Gieves & Hawkes (/ˈɡvz/)[1] is a bespoke men's tailor and menswear retailer located at 1 Savile Row in London, England. The business was founded in 1771. It was acquired in 2012 by the Hong Kong conglomerate Trinity Ltd.,[2] which was in turn purchased by Shandong Ruyi in 2017.[3] After Trinity was subject to a winding-up petition for debt in September 2021,[4] Gieves & Hawkes was acquired in November 2022 by Frasers Group, owner of Sports Direct.[5]

Gieves & Hawkes
Company typePrivate
Founded1771; 253 years ago (1771)
FoundersThomas Hawkes
James Watson Gieve
Headquarters1 Savile Row
London, W1
United Kingdom
Number of locations
45 stores in 25 cities (March 2020)
OwnerFrasers Group

Gieves & Hawkes is one of the oldest bespoke tailoring companies in the world. The business was originally based on catering to the needs of the British Army and the Royal Navy, and hence by association the British royal family. The company holds a number of Royal Warrants,[6] and it provides men's ready-to-wear as well as bespoke and military tailoring. The current creative director is John Harrison.

History edit

Hawkes customer ledger for 1837, with entries for Field Marshal The Duke of Wellington (on behalf of the 33rd Regiment of Foot)

After coming to London in 1760, Thomas Hawkes established his first shop in 1771 in Brewer Street,[7] selling to gentlemen. His main clients were commanders of the British Army, through which King George III became a customer. He expanded his retail operation by moving to No.17 (later number No.14) Piccadilly in 1793,[8] where he gained the first of many Royal Warrants in 1809.[7]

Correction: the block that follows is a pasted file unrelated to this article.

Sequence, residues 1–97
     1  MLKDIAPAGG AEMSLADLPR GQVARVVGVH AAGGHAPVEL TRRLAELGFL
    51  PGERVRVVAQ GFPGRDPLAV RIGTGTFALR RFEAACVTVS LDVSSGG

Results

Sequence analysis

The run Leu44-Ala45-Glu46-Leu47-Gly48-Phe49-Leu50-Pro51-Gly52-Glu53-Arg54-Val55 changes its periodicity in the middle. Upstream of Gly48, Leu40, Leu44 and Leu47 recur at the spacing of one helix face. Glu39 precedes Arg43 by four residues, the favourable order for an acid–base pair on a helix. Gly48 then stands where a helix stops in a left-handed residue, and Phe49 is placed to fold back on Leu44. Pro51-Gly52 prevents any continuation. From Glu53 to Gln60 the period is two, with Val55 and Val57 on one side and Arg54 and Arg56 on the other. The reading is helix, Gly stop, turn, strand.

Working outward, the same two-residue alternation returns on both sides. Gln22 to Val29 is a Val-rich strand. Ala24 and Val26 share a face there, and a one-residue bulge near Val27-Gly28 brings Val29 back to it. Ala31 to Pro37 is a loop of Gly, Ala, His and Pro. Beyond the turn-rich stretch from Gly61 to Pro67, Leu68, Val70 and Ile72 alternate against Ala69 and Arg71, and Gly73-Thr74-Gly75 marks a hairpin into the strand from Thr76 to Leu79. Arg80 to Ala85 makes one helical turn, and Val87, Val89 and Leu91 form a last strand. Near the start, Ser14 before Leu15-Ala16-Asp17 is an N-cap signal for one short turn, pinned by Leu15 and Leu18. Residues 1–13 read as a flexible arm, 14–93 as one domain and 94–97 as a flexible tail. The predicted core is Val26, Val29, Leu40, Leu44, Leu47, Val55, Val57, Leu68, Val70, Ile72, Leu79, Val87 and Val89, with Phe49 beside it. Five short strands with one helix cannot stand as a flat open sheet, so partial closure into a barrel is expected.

In 1835, 15 year old James Watson Gieve[9] was employed by Augustus Meredith, a Portsmouth-based tailor by appointment to the Royal Navy. In 1852, Gieve partnered with Joseph Galt, whose father John had taken over Meredith's business and in 1887, Gieve purchased the remaining shares to form Gieves & Co. He died in 1888.[7]

Hawkes & Co. at Savile Row in 1936

On 23 December 1912, Hawkes & Co. bought №1 Savile Row from the Royal Geographical Society for £38,000,[7] in part because the firm had dressed so many explorers. In 1974, Gieves Ltd acquired Hawkes & Co., and the freehold of 1 Savile Row. The company was renamed Gieves & Hawkes.[7] In 2009, Kathryn Sargent of Gieves and Hawkes became the first female head cutter in Savile Row.[10] The company also produces the uniforms for the Honourable Corps of Gentlemen at Arms. Gieves & Hawkes celebrated its 250th anniversary in 2021.

Changes of ownership edit

Gieves & Hawkes store in Harbour City, Hong Kong